Wednesday, September 3, 2008

Elder Care: Stress--the first suggestion

In my previous post, Stress and Suggestions #1, I listed 10 ideas for managing the stresses of being a caregiver or care manager for elderly or ill parents. All of the ideas involve putting some (or a lot) of thought into how you evaluate what's happening and then choosing how you wish to respond to the situation. All of the ideas take more energy than having a glass of wine, or going to a movie. The movie or glass of wine is a pleasure, but their benefits are fleeting. The ideas I listed will return broad and continuous rewards for that investment of energy.

Here's the first one from the list: Learn how to speak up for what you need and what you want.
Why is this even important? Whether it's leaving a doctor's office with a clear understanding of a medical issue, or knowing for certain that your parent's laundry will be done regularly, knowing what you want and asking for it is the best way to clean up your To Do list. It's also highly satisfying.

If you can learn how to do this, you'll regain a measure of control. And it's the near absence of control that is often so frustrating and therefore so stress-creating in our situation. Here are a few tips to get started:

First, take a step back and identify what you're seeking. Be honest with yourself here and don't censor what comes to mind. A basic element of managing stress is giving yourself permission to have thoughts that you, or others close to you, might initally react to as socially unacceptable. When you actually mull over those thoughts, you may find that they're not so awful after all. In fact, by not suppressing them you could discover that there's a strong element of reason in them. Or you might learn that there's really nothing you want to do about them.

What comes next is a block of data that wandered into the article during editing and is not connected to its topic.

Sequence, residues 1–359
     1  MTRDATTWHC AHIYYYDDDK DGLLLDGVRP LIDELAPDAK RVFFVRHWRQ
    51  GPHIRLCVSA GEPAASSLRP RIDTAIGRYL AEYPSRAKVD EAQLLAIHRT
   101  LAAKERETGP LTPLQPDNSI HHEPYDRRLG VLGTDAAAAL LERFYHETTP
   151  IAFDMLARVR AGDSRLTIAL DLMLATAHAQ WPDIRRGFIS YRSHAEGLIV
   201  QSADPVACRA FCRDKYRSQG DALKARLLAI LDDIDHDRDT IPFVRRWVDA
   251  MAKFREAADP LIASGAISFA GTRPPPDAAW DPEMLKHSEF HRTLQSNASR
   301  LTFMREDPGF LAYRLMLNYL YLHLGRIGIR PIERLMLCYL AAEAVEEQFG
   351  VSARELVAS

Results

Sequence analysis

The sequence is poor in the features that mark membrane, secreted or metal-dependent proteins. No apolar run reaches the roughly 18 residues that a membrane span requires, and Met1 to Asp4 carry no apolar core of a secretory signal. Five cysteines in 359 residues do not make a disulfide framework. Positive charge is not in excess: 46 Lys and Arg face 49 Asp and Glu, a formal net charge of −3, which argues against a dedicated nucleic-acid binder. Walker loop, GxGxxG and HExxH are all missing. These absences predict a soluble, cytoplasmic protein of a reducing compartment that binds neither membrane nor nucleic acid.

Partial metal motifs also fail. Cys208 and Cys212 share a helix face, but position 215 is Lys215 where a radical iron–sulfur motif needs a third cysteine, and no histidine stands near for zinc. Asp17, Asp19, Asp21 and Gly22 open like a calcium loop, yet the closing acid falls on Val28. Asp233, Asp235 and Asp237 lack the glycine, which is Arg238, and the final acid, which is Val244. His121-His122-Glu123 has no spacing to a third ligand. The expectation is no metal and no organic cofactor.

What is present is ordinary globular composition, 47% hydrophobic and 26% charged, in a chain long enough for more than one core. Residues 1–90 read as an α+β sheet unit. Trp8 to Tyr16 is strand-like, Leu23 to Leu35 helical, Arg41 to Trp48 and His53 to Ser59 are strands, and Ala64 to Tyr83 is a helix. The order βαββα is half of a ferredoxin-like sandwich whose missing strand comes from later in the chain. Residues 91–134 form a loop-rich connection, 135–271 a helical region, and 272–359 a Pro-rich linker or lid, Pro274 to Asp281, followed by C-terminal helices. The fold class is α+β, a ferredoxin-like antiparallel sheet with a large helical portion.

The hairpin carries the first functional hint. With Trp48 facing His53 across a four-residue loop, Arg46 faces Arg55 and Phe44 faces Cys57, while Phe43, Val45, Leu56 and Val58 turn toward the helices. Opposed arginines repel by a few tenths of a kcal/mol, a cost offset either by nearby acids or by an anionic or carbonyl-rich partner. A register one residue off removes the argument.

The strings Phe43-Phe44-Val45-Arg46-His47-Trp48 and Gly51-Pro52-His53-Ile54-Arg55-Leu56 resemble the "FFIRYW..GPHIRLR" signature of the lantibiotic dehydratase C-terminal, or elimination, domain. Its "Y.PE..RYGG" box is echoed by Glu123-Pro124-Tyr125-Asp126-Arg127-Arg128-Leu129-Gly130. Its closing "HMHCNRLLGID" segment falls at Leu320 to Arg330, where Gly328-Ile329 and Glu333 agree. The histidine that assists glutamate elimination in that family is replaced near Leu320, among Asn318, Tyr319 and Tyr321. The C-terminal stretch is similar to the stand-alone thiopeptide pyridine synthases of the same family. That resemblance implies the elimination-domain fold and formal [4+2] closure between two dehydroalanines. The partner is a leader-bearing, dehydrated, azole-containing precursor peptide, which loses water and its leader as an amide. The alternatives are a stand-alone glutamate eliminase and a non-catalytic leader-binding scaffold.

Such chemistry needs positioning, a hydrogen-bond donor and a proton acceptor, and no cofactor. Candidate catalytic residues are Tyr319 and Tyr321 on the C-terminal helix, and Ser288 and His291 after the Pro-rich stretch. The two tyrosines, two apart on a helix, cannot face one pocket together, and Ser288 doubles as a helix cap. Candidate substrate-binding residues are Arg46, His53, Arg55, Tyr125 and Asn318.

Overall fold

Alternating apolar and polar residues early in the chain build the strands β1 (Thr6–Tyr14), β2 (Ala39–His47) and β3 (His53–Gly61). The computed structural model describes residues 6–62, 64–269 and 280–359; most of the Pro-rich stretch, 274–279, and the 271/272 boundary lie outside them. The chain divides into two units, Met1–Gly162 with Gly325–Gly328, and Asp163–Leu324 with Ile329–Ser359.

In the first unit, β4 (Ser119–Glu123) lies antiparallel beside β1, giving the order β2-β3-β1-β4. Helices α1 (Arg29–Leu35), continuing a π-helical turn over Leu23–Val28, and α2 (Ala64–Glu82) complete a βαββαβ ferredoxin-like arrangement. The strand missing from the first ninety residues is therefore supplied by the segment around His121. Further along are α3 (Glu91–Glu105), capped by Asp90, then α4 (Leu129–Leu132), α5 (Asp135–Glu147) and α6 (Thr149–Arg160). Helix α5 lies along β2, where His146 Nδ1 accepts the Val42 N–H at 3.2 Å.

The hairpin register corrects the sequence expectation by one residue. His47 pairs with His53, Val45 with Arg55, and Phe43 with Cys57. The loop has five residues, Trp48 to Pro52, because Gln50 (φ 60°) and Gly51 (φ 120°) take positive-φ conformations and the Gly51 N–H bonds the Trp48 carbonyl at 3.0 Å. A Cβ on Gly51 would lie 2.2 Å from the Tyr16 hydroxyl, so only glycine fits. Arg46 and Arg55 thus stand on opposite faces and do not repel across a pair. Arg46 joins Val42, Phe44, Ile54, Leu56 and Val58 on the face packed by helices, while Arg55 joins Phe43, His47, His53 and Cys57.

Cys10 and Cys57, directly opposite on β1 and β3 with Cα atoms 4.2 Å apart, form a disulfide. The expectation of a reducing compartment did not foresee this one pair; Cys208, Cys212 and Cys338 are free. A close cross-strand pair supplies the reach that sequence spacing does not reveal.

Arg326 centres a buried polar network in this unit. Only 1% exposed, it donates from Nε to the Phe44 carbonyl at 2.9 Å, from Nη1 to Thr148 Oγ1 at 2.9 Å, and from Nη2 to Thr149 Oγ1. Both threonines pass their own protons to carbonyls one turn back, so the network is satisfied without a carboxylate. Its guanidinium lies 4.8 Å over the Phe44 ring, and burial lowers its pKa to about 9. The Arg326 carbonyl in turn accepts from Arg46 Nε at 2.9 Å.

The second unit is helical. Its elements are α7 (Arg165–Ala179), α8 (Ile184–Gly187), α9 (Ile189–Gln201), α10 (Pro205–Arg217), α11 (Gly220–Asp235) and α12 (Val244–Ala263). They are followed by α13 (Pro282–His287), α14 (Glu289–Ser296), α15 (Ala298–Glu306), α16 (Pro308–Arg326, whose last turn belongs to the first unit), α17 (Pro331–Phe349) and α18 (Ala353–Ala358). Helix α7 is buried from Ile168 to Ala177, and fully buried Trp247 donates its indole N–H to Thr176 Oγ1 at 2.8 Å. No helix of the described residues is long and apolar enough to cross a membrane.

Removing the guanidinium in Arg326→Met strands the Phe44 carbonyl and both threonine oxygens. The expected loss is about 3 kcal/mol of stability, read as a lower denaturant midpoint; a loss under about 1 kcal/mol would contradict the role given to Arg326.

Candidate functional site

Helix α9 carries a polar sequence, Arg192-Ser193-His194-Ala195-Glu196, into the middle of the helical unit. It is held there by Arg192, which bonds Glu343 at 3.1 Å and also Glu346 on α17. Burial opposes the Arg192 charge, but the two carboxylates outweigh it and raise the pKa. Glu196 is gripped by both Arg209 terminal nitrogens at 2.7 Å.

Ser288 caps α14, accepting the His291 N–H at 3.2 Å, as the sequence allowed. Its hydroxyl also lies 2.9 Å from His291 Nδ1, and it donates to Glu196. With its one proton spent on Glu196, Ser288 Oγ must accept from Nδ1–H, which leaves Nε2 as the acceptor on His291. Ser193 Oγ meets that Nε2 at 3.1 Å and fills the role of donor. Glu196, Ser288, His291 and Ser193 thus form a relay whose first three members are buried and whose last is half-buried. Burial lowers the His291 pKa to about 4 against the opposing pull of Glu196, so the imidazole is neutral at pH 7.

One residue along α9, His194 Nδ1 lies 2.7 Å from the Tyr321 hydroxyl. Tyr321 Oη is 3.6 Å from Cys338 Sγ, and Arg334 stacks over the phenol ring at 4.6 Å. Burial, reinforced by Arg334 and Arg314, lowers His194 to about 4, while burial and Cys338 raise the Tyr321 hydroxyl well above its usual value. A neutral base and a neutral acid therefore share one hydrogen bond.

So, your first inkling of the outcome you're seeking may come attached with a statement like "Oh, I couldn't possibly do that." Or "Gee, I'd like to say that but they might get mad if I do." That's OK. Write down whatever comes to mind, even if you imagine it's impossible for you to do.

Then, write down what action you want to take or what words you want to say. This may sound pedantic, but one of the big bugaboos in speaking up for yourself is not knowing what to say. So, write it down. If you're going to be in a tense situation, work on phrasing that's neutral, non-judgmental, and that has some positives in it.

Now, practice saying what you've written out loud. Practice in your car while doing errands or driving to work. Repeat your key statements until they feel part of you. I'm not saying memorize what you've written. But if you're not accustomed to speaking up for what you want, this is a good way to start to see yourself as someone who does just that. The more you hear your own voice saying things you didn't imagine you could say, the more you'll believe you can speak up for what you want.

Lastly, give it a whirl. This speaking up for yourself business gets easier each time you do it.

Next, pick

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